what vinegar means to me
I started making herbal vinegars as soon as I began my studies of herbalism. As a child, I wanted to be an herbalist, and was led back to the path when I stopped drinking alcohol in September 2015. To be able to answer a lifelong call is a gift, but to pick-up the phone and find that the majority of teachers were offering alcohol-based solutions was disheartening. While some vinegars such as Fire Cider are famous, the idea of using vinegar as the primary menstruum for herbal medicine is far from typical.
Why do we rely so heavily on alcohol? I hear a lot of reasons: Convenience. Preservation, especially of rare herbs. More convenience. Vinegar is not used because it is not as effective at preservation. And that’s shared like it’s a bad thing, like we don’t want seasonally-based medicine, like we shouldn’t be a little creeped out by shelf-stable herbalism the same way we’re creeped out by shelf-stable food. Why do we feel compelled to make herbal medicine fit into the allopathic paradigm? What is so very different about a dropperfull of tincture and popping a pill?
Keep in mind that I am not a formally trained herbalist. Not yet, anyway: next month I will begin a six-month program that does, of course, focus on tinctures. I imagine there are nuances that I am missing, and there are very good reasons to use alcohol because of its ability to effectively extract the medicinal properties of herbs. And there are also teas and syrups and food other fun ways to get your herb in. But why is industrial alcohol the basis of American herbalism? (Yes, even your organic tincture booze is industrial… Very, very little distilled alcohol is actually artisanal, let alone local.)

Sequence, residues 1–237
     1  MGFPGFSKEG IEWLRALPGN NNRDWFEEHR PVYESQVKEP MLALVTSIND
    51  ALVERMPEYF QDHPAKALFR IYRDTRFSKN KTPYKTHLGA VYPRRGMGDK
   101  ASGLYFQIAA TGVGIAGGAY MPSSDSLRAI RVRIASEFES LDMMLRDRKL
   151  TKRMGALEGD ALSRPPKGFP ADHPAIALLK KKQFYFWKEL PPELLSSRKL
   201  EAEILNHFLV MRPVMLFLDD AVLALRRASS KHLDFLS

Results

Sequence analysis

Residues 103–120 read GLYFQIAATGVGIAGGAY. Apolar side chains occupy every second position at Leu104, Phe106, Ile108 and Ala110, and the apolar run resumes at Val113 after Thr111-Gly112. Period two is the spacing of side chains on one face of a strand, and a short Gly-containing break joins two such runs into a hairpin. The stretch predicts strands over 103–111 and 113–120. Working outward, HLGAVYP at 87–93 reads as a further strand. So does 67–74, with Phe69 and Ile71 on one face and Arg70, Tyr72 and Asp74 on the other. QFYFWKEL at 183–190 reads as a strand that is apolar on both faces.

I write this as someone who relapsed last month due to alcohol-based tinctures. It’s extremely difficult for me to share this, but to live a sober life and to continue to offer my services at Heal Yourself, I must live an honest life. I’m afraid that I will not be trusted, that my clients will think I am a fraud, and that no one will want to work with me. I am embarrassed and ashamed that with almost one and a half years sober I let down my guard and let alcohol back in. I certainly don’t blame tincture makers, but rather my own cavalier attitude and, more importantly, my desire to be part of the cool herbal crowd and take medicine made by people I admire.
I’m fortunate that my extensive experience with going into hell and coming back, this spiral path of the witch that I have long walked, enabled me to put down the drink. Not everyone is that lucky. But this relapse has given me something I did not have before: a true commitment to service and to the divine. Since my relapse, my channel has been clear, my spiritual practice profound, and my conviction that I can be useful confirmed. And making alcohol-free medicine is a crucial part of what I have to give to this world.
Ultimately that’s what vinegar offers me: a way to participate in modern herbalism in a time when convenience is prized. I don’t think that my medicine is inherently better than the medicine made with alcohol, but it offers another way. A way that, for many of us, is inclusive, healthy, and truly holistic without sacrificing the convenience that we’ve come to expect. I am honored to make, take, and experiment with herbal vinegars. I’m excited to start making vinegar itself, bringing the practice entirely into my hands. I am thrilled to learn about herbalists who are already doing this work, and look forward to a day when a newly sober person looking for help sleeping won’t be told that the passionflower tincture is fine because “it’s not that much alcohol.”
When we are healers, it is our responsibility to meet all who call on us for help at their level, including those who cannot safely consume any alcohol. Holistic, inclusive herbalism welcomes everyone, addicts and all.